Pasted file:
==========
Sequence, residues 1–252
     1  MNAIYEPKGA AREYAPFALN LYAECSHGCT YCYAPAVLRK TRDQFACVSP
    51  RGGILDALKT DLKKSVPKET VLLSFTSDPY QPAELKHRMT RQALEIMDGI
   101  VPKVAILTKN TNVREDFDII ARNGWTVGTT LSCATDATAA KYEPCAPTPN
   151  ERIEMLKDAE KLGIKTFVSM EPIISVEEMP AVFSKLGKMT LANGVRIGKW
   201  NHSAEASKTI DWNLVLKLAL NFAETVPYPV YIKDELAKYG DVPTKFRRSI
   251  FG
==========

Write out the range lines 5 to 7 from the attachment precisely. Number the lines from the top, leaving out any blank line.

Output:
   151  ERIEMLKDAE KLGIKTFVSM EPIISVEEMP AVFSKLGKMT LANGVRIGKW
   201  NHSAEASKTI DWNLVLKLAL NFAETVPYPV YIKDELAKYG DVPTKFRRSI
   251  FG